Many of the issues we face in Hudson are not unique to our community. Good ideas and solutions can come from anywhere. My blogsite is inspired by longstanding efforts by local elected officials, most notably from Jill Miller Zimon in Pepper Pike and Mike Rasor in Stow.
On this page I’ll provide some links to recent news stories that share how neighboring communities are discussing and perhaps solving some of the issues we face in Hudson.
While the State of Ohio is months away from finalizing regulations on growing, process and dispensing facilities, the “land rush” to acquire licenses is on. While Hudson Council debates this, nearby Eastlake is not only welcoming a grow facility, city leaders are willing to sell city land to make it happen, reports the Plain Dealer.
Ohio’s medical marijuana law is a month away from taking effect and awarding marijuana business licenses is even further down the road, but Lakewood and other communities across the state are already making moves to block marijuana businesses from starting in their communities.
A handful of Ohio cities have put a six-month moratorium on licensing marijuana cultivators, processors and retailers. Several others are considering similar temporary bans ahead of the new law, which takes effect Sept. 8.
But it’s not likely that any marijuana businesses will be licensed in Ohio in the next six months. The new law tasks three government agencies with setting up the regulations and licensing processes, and the first deadline is in May 2017. Full story as published in Plain Dealer
Another story on same topic from NewsChannel 5:
Neighbor Disputes Turn Wealthy Areas Into War Zones
Tiffs between luxury homeowners can escalate into bruising legal, financial and emotional combat
The battle between homeowner Marshall Jenney and the Seabreeze Homeowners Association in Rehoboth Beach, Del., began innocently enough: Some of Mr. Jenney’s bushes and trees had grown too high.
After years of litigation, a contempt order, tens of thousands of dollars in legal fees, and a judge’s admonishment that the entire case had been “a colossal waste of resources,” Mr. Jenney finally cut his foliage.
The upscale resort area, however, will never be the same. In addition to draining the homeowners association’s general fund of about $30,000, it set neighbor against neighbor as the community argued over spending money on the litigation, said Jeffrey Stickle, 65, who said his views were blocked by Mr. Jenney’s trees.
Read full article from WSJ:
CITY COUNCIL MEMBER CENSURED FOR USING SOCIAL MEDIA IN MACEDONIA.
Some pretty crazy City Council actions going on in Macedonia. City Councils conduct business under general laws of the State of Ohio as well as the US Constitution. They, like other legislative bodies, control the conduct of their members through the option of removal, or in less extreme cases, censure. Censure is the public reprimanding of a public official for inappropriate conduct or voting behavior.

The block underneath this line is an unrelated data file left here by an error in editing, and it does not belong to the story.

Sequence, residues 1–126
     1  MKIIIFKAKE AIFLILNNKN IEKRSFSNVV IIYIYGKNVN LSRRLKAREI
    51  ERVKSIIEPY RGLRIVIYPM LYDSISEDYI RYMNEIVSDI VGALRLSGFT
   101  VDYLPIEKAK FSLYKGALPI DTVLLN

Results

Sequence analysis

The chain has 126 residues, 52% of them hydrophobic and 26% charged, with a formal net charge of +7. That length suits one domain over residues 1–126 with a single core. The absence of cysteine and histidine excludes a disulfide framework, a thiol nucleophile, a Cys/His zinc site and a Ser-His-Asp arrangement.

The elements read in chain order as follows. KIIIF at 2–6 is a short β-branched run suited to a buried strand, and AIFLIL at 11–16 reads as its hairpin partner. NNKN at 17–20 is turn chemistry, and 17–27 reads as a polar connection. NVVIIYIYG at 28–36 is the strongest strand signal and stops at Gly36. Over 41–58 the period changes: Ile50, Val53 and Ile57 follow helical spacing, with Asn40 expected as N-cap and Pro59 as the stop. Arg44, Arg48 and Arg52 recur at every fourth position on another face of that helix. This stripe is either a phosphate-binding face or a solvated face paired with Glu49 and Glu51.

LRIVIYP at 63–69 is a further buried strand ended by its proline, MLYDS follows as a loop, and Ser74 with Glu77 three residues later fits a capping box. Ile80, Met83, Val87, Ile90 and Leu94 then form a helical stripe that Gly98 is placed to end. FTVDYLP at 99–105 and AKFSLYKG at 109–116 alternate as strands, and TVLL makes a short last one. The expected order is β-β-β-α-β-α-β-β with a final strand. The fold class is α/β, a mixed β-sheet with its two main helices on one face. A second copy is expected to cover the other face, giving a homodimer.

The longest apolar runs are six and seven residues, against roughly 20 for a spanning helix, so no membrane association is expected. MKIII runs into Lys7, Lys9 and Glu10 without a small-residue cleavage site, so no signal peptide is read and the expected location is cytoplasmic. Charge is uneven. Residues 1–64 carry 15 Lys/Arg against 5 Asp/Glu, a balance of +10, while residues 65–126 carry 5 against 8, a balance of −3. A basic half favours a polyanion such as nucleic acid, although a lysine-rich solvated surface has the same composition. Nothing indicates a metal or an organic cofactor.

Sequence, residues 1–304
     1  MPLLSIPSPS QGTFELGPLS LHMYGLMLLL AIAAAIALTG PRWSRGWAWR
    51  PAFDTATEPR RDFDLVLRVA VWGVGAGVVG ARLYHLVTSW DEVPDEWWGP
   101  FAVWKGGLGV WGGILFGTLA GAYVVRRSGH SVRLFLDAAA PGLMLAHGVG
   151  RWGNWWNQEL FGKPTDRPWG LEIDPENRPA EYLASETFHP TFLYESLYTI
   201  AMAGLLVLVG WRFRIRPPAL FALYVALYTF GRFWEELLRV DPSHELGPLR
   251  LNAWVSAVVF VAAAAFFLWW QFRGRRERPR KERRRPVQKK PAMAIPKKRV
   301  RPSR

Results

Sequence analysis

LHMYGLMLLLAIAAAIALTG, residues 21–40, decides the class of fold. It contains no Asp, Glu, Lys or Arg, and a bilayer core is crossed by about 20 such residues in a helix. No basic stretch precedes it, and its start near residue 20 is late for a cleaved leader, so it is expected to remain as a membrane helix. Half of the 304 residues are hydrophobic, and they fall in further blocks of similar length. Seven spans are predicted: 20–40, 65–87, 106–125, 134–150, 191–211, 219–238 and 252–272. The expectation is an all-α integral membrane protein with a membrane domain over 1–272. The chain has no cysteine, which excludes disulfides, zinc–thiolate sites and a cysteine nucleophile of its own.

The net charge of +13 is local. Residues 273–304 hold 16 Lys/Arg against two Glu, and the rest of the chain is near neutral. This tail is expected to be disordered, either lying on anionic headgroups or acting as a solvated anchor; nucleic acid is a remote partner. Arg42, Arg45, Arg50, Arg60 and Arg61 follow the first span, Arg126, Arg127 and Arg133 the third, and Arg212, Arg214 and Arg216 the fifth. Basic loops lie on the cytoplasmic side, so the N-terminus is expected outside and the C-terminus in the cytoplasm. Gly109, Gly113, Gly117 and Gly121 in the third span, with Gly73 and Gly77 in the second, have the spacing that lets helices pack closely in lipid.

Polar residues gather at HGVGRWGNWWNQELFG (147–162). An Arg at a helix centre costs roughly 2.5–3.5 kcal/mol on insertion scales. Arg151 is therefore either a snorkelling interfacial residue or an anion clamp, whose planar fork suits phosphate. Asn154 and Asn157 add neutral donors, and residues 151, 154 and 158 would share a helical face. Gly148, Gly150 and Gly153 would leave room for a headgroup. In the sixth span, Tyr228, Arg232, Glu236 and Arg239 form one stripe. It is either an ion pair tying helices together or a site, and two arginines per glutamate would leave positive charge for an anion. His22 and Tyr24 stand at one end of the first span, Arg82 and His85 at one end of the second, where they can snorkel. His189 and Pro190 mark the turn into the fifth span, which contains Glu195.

Macedonia City Council voted 3-1 on Feb. 26 to censure one of their own members, Sylvia Hanneken. While there were numerous charges listed (read them here if you like: -http://nordoniahills.news/wp-content/uploads/2016/02/cc-meeting022516.pdf ) the one most troubling is this one:
“Various dates in 2014, 2015, & 2016 – Through her Facebook site Macedonia Civics, Ms. Hanneken has continually employed a strategy of undermining the administration and her fellow members of Council through her postings attacking the opinions of her colleagues. Although open discussions and opinions are welcomed and encourage through dialog at all Council meetings, Ms. Hanneken’s postings, prior to any dialog, only leads to public misconceptions. This calls into question Ms. Hanneken’s ethics, and her lack of respect of Council, especially when the majority of Council disagrees with Ms. Hanneken’s position. As an elected official, Ms. Hanneken’s opinions should be heard, but the platform that they should be levied at is during Council meetings, and not through social media.”
That any responsible elected official or administrator, let alone a majority of an elected body, would include an elected officials use of social media to express their opinion as a “charge” of misconduct is in itself misconduct.
Does Hudson need a law against “trash pickers?” Some have told me we do. Others think it helps the environment by keeping items out of the trash stream.
But unless they are “Frank and Mike” from the popular “American Pickers” TV show, you may want to know who is on your property. At least that is the thinking behind an ordinance one Lake County community passed recently. The editorial link explains:
First, it will make it illegal to rummage through someone’s trash without their permission.
Although “pickers” often make their way up and down streets and want to scoop up items of value as quickly as possible, they should at least have the courtesy to get permission from homeowners.
After all, homeowners have the right to decide who comes on their property and shouldn’t be forced to eject unwanted visitors and risk the possibility of a verbal or physical confrontation.
The ordinance also is needed to ward off people who have no qualms about making a mess on someone else’s property as they seek treasures amid the trash.
Do we need this type of law in Hudson? Let me know.
City coordination of Rubbish Pickup
Balancing City Budgets
Raising Backyard Chickens
Broadview Heights http://www.cleveland.com/broadview-heights/index.ssf/2014/09/broadview_heights_city_council_79.html#incart_river
Gas Well Drilling
Broadview Heights http://www.cleveland.com/broadview-heights/index.ssf/2014/09/broadview_heights_will_not_mak.html
Gates Mills http://www.cleveland.com/broadview-heights/index.ssf/2014/09/broadview_heights_will_not_mak.html